The cost of the PON hardware used in FTTH, as well as the cost of installation, continues to decline, since high volume for FTTH hardware has driven costs down fast, as with all electronic systems. Innovations, such as using prefabricated cabling systems, have also contributed to reducing installation costs.

Where connecting a home with fiber would have cost thousands of dollars until recently, the cost is now down to a few hundred. The lower cost of FTTH, combined with the increasing cost of maintaining aging copper networks, has led some telephone companies (such as Verizon) to make a 100 percent commitment to fiber—no more copper—for their phone systems.

The technology developed for FTTH in multidwelling units (MDUs)—such as condos or apartments, where users are close together in a single building—has allowed particularly large cost savings. Prefabricated cabling systems, combined with new bend-insensitive fibers, allow easy installation in tight spaces, greatly reducing installation costs.

If you want a converged LAN, what could be better than the technology developed for triple-play (voice/data/video) MDU FTTH? It offers some compelling advantages. It is proven technology, gigabit-fast, cheap and easily upgradable, since it runs on a single-mode fiber cable network with virtually infinite bandwidth. The short distances allow 64 stations to share one GPON (gigabit PON, an international standard) link, and these can be integrated into systems with thousands of users, just like a city.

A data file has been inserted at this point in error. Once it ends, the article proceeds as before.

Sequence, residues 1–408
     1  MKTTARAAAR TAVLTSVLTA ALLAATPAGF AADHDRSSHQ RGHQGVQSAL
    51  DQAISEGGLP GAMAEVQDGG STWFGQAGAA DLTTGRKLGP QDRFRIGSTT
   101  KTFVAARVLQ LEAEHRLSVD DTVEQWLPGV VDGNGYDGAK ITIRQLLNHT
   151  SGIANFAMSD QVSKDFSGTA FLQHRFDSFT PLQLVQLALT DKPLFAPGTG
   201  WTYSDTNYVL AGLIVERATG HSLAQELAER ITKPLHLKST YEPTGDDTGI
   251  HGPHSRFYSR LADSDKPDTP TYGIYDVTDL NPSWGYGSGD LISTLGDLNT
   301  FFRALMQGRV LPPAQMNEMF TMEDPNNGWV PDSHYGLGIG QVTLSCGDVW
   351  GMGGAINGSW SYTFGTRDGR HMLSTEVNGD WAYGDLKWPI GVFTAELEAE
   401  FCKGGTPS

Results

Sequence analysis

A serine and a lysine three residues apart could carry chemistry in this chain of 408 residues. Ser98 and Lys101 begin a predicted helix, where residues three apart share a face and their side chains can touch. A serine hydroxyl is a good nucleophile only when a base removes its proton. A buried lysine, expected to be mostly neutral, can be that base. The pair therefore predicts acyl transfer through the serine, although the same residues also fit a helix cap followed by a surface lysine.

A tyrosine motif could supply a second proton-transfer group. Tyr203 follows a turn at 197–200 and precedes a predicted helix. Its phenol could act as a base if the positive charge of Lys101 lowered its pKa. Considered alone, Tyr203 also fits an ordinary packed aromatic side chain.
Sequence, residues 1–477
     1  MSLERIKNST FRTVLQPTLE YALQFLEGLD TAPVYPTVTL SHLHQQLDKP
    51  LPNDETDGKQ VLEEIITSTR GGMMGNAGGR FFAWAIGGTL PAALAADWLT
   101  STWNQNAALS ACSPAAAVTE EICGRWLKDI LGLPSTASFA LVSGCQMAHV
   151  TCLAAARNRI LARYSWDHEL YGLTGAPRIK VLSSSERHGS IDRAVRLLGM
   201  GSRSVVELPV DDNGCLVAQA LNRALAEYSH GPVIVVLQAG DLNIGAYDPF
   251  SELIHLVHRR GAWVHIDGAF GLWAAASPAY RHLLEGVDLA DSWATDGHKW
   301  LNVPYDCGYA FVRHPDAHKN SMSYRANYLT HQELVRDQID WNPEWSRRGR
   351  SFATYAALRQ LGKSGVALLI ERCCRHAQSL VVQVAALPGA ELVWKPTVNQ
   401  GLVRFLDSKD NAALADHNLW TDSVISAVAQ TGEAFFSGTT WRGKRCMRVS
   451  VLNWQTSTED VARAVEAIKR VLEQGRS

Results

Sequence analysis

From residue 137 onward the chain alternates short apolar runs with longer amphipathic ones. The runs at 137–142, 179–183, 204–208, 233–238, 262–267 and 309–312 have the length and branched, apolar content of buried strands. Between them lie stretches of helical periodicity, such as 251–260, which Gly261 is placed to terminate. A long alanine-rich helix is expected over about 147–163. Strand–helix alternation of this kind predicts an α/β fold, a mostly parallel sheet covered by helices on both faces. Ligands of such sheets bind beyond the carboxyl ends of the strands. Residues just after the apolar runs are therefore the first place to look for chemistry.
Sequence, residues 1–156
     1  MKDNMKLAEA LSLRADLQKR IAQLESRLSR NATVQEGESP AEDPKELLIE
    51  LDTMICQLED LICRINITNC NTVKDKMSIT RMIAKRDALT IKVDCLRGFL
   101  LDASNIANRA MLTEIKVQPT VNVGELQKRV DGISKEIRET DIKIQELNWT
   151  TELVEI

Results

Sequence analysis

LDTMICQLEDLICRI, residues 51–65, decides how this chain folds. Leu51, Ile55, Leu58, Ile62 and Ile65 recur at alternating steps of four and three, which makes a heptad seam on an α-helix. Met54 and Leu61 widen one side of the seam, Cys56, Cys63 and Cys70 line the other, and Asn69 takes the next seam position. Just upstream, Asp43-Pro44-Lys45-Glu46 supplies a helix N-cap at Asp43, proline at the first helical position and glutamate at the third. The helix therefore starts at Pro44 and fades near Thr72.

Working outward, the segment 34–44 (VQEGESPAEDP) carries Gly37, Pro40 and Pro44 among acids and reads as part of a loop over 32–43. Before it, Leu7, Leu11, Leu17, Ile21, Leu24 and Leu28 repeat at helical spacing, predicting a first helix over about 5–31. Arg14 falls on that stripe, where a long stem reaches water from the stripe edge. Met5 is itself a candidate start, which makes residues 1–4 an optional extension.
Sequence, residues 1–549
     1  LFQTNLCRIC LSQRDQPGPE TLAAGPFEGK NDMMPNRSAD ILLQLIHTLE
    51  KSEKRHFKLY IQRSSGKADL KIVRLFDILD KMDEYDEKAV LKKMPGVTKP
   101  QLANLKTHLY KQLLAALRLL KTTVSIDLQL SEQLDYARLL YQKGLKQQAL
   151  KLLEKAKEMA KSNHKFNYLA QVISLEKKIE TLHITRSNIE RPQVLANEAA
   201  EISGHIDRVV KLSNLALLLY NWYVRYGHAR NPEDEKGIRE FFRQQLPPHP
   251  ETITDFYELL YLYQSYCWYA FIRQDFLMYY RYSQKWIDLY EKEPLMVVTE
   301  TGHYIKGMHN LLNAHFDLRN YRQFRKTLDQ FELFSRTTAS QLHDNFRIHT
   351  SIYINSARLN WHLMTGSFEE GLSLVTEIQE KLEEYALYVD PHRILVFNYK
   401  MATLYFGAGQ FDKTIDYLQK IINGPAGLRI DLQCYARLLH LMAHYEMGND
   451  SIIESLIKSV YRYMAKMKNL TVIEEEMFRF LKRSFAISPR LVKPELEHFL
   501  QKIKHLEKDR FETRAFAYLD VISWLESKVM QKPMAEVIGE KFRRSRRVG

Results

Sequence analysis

The advantages don’t stop there. Desktop units similar to the optical network terminal used at the home connects on a single fiber to allow connections for multiple (four to 24) users with Ethernet speeds of 10/100/1,000 Mbps. Equipment is even available for those still using analog POTS phones. Managing the network is centralized, and security is handled with encryption for all users.

The cable plant architecture is similar to a TIA-568 centralized fiber-cabling system. But instead of multimode fiber, it uses single-mode fiber, and a good portion of signal distribution is done not by electronic switching but by passive optical couplers, which has the further advantages of reducing power consumption and enhancing reliability.